This week’s visit by German Chancellor Angela Merkel is further proof that Canada is making its presence felt on the global stage for the first time in years. It follows intensive efforts to advance Canada’s trade agenda, and builds upon Canada gaining admission to the Trans-Pacific Partnership (TPP) trade agreement negotiations in late June.
Prime Minister Stephen Harper’s government is also expected to announce the release of a Canada-China economic study shortly setting out the strong rationale for continued efforts toward deepened and strengthened bilateral trade and investment ties. The beginning of Canada-China bilateral trade discussions could be just as historic as Canada’s entry into TPP.
While this level of activity is impressive, Canada has challenges to overcome notwithstanding its ambitions. International Trade Minister Ed Fast and his officials have the difficult job of convincing our trading partners that Canada is committed to achieving the high standards of 21st-century trade agreements that will grow our economy and improve our competitiveness.
The litmus test for the government’s trade efforts lies in clinching a deal with the European Union. Successful conclusion of the comprehensive economic and trade agreement (CETA) negotiations is viewed by many as key to the success of the Prime Minister’s larger trade agenda. Hence the importance of this week’s visit by Ms. Merkel, whose support is critical to CETA. Concluding CETA would give Canada access to the world’s largest common market of 500-million consumers, with economic studies showing an annual boost of $12-billion in economic activity.
With such significant gains to be had, it is mystifying that one of the remaining issues is reported to be Canada’s uncertain commitment to strengthening its intellectual-property standards, which includes harmonizing our life-sciences IP standards to EU standards. If Canada is to be taken seriously by its major trading partners, there can be no doubt about our commitment to upgrading to IP standards commensurate with Canada’s position as an innovative economy.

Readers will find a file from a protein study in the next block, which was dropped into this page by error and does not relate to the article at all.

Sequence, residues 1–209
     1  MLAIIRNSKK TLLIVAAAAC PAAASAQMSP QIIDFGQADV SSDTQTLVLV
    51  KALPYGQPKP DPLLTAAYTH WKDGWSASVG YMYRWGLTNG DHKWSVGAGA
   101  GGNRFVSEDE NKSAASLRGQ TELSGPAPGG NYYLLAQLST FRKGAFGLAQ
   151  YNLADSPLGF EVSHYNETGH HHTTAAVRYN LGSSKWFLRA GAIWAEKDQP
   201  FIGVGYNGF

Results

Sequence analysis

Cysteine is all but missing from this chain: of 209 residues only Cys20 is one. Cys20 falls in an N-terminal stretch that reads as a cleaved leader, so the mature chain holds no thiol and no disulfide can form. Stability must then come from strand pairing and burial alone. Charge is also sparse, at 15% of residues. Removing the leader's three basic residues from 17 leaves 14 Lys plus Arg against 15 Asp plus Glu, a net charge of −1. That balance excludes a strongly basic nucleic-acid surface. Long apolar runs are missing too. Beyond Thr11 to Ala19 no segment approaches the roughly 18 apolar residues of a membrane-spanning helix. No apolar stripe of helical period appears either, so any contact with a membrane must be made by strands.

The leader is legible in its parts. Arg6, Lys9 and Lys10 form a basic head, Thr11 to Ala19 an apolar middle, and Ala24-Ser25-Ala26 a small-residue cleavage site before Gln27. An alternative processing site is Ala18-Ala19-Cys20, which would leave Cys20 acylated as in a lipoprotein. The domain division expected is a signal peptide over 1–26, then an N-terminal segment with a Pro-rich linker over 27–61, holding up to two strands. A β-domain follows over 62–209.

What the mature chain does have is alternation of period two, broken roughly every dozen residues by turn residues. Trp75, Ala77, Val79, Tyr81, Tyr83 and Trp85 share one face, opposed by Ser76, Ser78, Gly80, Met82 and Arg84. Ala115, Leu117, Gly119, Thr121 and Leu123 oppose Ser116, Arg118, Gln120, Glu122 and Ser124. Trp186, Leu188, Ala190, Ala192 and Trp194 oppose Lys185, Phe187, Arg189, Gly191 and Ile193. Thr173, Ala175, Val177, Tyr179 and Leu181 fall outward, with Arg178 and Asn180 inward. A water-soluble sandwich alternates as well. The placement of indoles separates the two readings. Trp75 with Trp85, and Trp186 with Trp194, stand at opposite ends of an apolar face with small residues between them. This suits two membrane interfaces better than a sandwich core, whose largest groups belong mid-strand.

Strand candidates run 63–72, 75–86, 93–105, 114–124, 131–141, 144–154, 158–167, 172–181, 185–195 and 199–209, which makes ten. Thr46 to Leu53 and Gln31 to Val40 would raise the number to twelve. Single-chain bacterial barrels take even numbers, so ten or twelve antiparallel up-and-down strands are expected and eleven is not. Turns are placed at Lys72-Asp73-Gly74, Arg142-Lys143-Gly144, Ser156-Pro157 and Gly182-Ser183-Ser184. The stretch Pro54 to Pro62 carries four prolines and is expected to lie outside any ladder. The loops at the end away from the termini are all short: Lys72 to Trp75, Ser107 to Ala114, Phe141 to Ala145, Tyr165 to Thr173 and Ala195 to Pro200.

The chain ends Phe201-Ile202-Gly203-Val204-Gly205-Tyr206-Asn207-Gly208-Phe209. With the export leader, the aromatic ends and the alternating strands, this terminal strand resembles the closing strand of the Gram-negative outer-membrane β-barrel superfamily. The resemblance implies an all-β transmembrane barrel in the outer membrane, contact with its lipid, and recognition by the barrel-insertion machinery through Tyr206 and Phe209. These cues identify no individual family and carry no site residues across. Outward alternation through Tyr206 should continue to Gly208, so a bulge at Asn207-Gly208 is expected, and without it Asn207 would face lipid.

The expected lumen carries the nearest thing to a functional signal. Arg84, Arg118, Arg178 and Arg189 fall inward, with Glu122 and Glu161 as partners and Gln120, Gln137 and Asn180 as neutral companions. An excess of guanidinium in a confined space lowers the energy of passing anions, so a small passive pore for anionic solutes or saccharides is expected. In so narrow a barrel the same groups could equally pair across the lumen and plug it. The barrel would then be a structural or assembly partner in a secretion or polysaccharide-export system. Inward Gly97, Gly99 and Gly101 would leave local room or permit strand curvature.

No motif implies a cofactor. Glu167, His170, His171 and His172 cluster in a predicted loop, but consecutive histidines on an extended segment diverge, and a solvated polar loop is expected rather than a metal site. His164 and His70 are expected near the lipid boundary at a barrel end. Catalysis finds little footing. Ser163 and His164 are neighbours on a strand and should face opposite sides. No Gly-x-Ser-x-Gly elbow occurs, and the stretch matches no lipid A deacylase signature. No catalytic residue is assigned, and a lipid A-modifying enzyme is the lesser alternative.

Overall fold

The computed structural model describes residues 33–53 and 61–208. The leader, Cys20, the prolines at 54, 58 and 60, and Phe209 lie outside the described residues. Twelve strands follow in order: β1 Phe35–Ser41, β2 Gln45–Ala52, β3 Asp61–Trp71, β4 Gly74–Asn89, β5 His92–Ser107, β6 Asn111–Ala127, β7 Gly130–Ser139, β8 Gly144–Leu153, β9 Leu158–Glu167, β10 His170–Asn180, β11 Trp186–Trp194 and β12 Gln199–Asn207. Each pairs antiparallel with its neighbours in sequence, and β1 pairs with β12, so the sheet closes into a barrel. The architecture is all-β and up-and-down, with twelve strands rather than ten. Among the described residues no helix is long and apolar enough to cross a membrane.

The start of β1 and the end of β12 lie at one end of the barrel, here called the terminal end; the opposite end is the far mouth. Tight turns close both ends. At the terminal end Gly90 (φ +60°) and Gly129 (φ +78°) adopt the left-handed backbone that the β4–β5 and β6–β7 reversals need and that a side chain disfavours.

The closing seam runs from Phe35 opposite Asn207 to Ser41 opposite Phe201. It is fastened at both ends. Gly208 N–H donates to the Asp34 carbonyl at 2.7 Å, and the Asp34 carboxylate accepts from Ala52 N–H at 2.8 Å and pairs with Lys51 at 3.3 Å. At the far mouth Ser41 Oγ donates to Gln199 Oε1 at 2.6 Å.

Canada has a substantial life-sciences research-and-development footprint, which we should be trying to grow because it means more high-value jobs for Canadians. Moreover, the EU values public health care as much as Canada does, and is just as serious about managing its health-care costs. So how does one respond to the fear-mongering over alleged cost increases resulting from harmonization with EU standards? In my estimation, one answers with a question: What have we learned about the health-care cost impacts of IP improvements since the North American free-trade agreement? The answer is that our health-care system was not affected and both Canada’s generic and innovative pharmaceutical industries prospered.
Big trade deals call for big decisions, and the Harper government is nearing the endgame on CETA. It would be a tragedy for Canada to fail in concluding negotiations with the EU over proposals that are in its own interest, only to then face similar proposals made by other nations in the context of other continuing negotiations. It would also confirm our trading partners’ doubts about our level of commitment to truly ambitious outcomes.
I cannot help but think that the Prime Minister has already thought this through and is preparing to take bold steps in the right direction. The timing of Chancellor Merkel’s visit could not be better.